Due to the reckless behaviour of these traditional but now inviolate bogeymen the Western world has just gone through – or may still be experiencing – the worst Recession since the Wall Street Crash of 1929, the UK has a national debt of 1.4 trillion pounds, the Chancellor’s autumn statement last week will lead to public service cuts on a ‘colossal scale‘. . . so where are the massive protest marches behind the banners of socialism? One answer lies in the preceding paragraph. In addition to believing in Ukip’s ‘bogeymen’ we alse see an illustration of what I said in my opening paragraph: “parties of the Right pander to perfectly natural human sentiments such as prejudice and greed”, and gain the rewards.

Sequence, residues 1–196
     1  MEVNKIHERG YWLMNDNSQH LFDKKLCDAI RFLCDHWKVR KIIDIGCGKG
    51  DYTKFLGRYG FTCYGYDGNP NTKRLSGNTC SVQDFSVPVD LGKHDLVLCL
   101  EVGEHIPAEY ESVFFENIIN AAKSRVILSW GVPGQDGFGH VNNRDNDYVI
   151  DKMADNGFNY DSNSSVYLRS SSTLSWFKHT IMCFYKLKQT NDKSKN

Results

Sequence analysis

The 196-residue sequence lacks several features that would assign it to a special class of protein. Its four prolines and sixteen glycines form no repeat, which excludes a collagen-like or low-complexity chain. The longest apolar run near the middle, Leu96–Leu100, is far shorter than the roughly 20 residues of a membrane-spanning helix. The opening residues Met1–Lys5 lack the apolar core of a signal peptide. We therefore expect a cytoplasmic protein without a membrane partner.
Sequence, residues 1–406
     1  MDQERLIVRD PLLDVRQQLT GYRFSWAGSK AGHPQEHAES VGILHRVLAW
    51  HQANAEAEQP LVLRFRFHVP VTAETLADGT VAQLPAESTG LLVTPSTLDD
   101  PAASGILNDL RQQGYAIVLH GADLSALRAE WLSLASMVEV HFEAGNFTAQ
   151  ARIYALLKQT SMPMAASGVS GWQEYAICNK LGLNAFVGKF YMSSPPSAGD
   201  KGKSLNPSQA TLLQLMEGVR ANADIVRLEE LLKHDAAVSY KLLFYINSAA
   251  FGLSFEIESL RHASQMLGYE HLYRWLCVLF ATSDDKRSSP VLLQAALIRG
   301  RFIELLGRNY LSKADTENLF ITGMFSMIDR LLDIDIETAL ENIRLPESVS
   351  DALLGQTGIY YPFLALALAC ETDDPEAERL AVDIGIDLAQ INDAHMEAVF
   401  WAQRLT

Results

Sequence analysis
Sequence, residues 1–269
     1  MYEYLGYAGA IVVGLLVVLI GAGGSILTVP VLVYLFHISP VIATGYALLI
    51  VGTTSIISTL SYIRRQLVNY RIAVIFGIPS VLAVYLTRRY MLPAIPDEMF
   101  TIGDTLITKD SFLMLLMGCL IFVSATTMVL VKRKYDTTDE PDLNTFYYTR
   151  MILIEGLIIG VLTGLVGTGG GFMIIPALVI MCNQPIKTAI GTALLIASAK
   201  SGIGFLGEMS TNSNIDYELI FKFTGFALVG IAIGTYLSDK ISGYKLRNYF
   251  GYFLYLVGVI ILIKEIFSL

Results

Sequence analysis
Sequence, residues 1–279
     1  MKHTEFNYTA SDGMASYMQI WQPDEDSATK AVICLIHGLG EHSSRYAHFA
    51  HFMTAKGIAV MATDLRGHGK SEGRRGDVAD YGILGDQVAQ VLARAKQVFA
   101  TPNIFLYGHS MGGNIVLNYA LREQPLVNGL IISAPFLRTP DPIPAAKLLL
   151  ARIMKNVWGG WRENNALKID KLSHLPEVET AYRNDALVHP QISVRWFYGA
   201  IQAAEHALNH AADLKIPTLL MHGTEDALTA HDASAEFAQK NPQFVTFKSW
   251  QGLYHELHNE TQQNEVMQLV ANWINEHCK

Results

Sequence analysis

What of Wales? Surely here, in this fastness of fraternity, this citadel of comradeship, this bastion of brotherhood, this . . . (ah, bugger it!). Surely here socialism still courses through the veins of our people, the Internationale still rings out at the end of ballet performances in the local Institute? Well . . . no. The truth is that in the most recent elections in May Ukip, with 27.6% of the vote, came damn close to beating Labour, on 28.1%. But of course Labour isn’t the only socialist party in Wales, we also have Plaid Cymru (15.3%), which is probably more socialist than Labour, and still moving Left. I don’t wish to be too cruel, but from where I’m sitting, becoming more ardently socialist in 2014 is the political equivalent of buying Confederate Bonds in 1865, or seeking a title in 1788 France.